Jaldapara National Park launches vaccination drive to protect livestock

Jaldapara National Park launches   vaccination drive to protect livestock

Alipurduar: The authorities at Jaldapara National Park have undertaken a vital initiative — vaccinating approximately 10,000 cattle across 20 villages neighbouring the forest, well in advance of the monsoon’s arrival. This crucial operation has been underway for the past week, targeting diseases such as Hemorrhagic Septicemia, Black Quarter, Foot and Mouth diseases.

Every year as the monsoon approaches, anxiety looms over Jaldapara National Park due to the recurring outbreak of ‘foot and mouth’ disease among cattle. This highly contagious organism spreads through the air and saliva of infected animals, posing a threat to both domestic and wild populations. Despite numerous awareness efforts, cattle from nearby villages often freely wander into the forest, while herbivorous animals from the park occasionally venture into the surrounding areas. Consequently, a surge in ‘foot and mouth’ disease cases among village cattle is witnessed at the onset of the rainy season. The symptoms of this disease are unmistakable — lesions in the hooves, continuous salivation, throat swelling and a halt in normal movement and feeding.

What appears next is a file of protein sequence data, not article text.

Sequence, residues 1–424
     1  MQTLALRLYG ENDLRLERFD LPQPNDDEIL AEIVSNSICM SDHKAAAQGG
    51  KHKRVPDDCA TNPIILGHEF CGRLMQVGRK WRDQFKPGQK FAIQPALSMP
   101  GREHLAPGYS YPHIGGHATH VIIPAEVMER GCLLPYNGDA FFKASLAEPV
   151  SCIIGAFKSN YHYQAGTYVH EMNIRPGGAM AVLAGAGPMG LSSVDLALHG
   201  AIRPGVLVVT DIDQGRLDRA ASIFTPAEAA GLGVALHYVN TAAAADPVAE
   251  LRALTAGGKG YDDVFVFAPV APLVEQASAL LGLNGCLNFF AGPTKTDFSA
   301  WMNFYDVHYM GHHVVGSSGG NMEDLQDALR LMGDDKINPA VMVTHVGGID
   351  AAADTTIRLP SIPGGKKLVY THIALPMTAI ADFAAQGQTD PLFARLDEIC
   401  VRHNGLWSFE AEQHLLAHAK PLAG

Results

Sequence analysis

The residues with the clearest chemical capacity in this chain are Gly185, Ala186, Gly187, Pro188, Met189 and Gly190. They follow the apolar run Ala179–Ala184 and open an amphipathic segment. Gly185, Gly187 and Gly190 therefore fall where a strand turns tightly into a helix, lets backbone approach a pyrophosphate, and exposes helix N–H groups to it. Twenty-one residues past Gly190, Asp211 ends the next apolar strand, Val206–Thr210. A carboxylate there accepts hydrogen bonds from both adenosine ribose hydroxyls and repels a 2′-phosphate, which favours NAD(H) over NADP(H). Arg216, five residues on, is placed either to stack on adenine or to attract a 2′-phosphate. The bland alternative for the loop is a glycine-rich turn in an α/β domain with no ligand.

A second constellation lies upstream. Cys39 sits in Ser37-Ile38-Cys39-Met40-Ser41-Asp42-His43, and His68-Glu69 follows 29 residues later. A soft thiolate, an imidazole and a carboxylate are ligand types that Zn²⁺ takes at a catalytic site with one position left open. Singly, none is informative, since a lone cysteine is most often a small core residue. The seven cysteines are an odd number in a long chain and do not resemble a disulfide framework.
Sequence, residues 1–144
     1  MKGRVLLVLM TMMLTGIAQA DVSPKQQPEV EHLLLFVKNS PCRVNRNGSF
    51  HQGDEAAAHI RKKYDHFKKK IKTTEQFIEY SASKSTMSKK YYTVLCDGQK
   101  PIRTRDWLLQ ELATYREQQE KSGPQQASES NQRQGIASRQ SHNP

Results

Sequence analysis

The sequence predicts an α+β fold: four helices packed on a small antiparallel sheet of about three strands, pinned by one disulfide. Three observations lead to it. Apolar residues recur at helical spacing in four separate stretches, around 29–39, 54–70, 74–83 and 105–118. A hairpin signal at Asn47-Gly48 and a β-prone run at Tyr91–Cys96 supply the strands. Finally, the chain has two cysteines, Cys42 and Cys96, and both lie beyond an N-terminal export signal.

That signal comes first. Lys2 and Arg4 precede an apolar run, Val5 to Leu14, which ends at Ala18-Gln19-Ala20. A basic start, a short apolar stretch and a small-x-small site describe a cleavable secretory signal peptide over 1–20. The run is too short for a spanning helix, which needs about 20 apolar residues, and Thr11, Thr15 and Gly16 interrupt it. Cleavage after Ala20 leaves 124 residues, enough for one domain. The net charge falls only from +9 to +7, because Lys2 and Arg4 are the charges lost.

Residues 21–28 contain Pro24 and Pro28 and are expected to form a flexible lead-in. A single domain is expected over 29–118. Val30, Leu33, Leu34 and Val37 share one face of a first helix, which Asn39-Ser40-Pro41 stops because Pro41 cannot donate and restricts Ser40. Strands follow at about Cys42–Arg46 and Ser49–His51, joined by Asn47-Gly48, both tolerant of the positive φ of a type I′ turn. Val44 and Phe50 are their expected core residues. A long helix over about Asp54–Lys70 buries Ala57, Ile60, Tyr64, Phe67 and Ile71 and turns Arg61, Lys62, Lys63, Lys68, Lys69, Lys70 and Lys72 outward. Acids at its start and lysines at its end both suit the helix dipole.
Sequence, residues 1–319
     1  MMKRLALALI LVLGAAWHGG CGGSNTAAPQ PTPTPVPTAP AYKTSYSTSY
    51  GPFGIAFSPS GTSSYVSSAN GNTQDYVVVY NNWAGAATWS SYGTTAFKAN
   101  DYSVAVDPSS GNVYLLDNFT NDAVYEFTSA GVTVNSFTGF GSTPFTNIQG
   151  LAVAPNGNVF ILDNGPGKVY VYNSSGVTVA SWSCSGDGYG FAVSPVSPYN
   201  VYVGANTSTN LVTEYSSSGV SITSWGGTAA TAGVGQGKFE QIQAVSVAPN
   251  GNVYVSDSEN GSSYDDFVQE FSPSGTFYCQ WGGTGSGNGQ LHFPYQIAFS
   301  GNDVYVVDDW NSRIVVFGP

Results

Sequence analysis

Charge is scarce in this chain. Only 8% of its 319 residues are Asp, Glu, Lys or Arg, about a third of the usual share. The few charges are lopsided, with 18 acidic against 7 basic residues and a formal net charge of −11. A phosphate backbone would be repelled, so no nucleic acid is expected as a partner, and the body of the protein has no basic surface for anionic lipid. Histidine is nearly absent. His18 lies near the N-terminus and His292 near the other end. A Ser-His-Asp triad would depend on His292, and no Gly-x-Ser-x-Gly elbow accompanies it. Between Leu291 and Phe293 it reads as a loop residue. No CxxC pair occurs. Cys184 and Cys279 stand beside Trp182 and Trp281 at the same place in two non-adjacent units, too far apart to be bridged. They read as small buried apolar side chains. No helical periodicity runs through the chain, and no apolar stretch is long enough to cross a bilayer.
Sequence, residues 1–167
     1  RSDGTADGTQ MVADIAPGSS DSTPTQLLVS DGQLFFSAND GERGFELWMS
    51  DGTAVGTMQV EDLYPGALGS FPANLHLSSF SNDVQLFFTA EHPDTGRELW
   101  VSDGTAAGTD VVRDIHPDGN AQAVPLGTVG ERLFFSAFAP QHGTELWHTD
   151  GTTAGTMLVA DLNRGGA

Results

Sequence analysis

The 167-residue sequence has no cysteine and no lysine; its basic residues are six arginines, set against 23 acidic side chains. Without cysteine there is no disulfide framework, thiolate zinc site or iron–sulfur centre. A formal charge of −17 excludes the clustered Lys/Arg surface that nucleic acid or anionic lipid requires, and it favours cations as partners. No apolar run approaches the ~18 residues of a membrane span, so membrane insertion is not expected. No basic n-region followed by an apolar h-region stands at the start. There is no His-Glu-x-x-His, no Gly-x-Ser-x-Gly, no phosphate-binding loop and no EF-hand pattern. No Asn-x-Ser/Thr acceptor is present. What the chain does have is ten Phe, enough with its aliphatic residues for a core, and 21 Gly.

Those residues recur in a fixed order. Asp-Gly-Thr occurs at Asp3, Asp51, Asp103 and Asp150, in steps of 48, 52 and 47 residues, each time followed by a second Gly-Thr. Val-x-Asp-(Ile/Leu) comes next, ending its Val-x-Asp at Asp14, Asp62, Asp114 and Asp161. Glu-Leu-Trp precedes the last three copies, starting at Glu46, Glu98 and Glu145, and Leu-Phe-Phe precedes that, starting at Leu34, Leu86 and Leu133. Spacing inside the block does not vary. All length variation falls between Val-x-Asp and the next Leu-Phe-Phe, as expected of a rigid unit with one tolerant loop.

Once infected, survival chances for affected cattle are slim. Moreover, should an infected animal enter the forest, the consequences within the reserved area can be catastrophic. In 2016, the ‘swamp deer’ species was eradicated from Jaldapara National Park due to a severe outbreak of the disease.

Forest department sources emphasise the risk of disease transmission from village cattle to the diverse wildlife within the park. With approximately 8,000 herbivorous wild animals spread across the park’s 216.51 square kilometres, the potential for an epidemic is substantial.

Hence, the Forest department initiated the vaccination campaign without hesitation, prioritising prevention

over risk. Parveen Kaswan, Divisional Forest Officer of Jaldapara Forest Division, emphasised the urgency of the situation, stating: “The vaccination of 10,800 cattle in 20 villages near Jaldapara National Park has commenced.

With this target in mind, the campaign has been launched at full throttle. Once an outbreak occurs, it doesn’t take long for disaster to follow.”

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